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Will Queenslanders see their human rights being protected in 2020?

Posted December 10, 2019

Today is International Human Rights Day and Community Legal Centres Queensland believes it is an opportunity for Queenslanders to stand with the international community to celebrate that from 1 January, a culture of human rights will be a day-to-day part of our lives.

The Queensland Human Rights Act seeks to promote a culture of human rights in the Queensland public sector. This Act will improve the way laws are made, and the ways Courts can interpret laws consistently with human rights norms.

Human Rights Acts have been operating in the ACT and Victoria for over a decade. People with disabilities, people with mental illness, marginalised groups and young people have all been able to seek protection from these laws.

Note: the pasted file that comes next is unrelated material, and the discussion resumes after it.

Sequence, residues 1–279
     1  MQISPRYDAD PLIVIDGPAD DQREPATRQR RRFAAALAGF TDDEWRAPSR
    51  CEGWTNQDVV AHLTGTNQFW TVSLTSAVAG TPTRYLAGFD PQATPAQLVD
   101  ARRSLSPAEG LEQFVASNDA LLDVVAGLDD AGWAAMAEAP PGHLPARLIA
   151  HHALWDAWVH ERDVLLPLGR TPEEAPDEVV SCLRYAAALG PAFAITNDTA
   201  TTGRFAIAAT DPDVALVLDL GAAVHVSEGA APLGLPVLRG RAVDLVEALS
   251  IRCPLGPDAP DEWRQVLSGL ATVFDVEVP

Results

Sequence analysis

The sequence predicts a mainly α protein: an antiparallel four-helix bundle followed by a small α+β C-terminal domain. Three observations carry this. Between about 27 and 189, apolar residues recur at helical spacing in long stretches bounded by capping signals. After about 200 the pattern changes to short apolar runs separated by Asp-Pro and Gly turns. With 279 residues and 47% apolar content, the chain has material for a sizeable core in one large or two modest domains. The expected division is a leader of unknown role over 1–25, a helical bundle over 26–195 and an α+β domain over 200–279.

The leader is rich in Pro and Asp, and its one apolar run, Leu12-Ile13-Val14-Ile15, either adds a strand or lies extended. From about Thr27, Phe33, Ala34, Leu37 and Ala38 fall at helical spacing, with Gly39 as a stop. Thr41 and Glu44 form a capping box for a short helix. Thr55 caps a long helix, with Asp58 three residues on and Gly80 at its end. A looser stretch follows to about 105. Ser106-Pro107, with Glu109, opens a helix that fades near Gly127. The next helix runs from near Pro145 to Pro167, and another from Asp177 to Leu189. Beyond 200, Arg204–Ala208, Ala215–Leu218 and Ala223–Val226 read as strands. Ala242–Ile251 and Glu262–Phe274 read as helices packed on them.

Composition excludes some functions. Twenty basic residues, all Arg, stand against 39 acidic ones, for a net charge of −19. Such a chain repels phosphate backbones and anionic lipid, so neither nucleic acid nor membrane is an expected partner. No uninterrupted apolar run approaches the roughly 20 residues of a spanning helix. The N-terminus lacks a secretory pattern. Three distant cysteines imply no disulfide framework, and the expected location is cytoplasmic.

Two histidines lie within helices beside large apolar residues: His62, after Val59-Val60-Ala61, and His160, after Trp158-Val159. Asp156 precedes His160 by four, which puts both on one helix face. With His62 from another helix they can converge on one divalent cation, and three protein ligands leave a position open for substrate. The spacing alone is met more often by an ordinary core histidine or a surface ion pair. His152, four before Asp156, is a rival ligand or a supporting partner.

While these Acts have not ended issues such as disability discrimination or homelessness, they have increased commitment from governments, businesses, community groups and the community to end these issues. This dialogue and cultural change approach embedded in the Act goes a long way to achieving long-term, systemic change in Queensland.

The lack of a structured human rights regime in Queensland has meant that up until now access to justice and equal opportunity has not always been a priority for decision makers.  Appropriate implementation of the Act may go some way to helping Queenslanders achieve justice, however this can only be achieved with strong government support.

Janelle Rees, Sector Sustainably Co-ordinator, Community Legal Centres Queensland said, “A meaningful process is important to ensure people’s rights are protected. Everyday people expect Government to act consistently and to make decisions considering human rights.’’

“Queensland’s new human rights law will make meaningful change, but it’s no silver bullet. Building a culture of human rights will take time, and this is an important milestone. Community legal centres welcome the commencement of the Act on 1 January 2020, as an important step forward, and a key mechanism to protect and promote Queenslanders’ human rights,” Ms Rees said.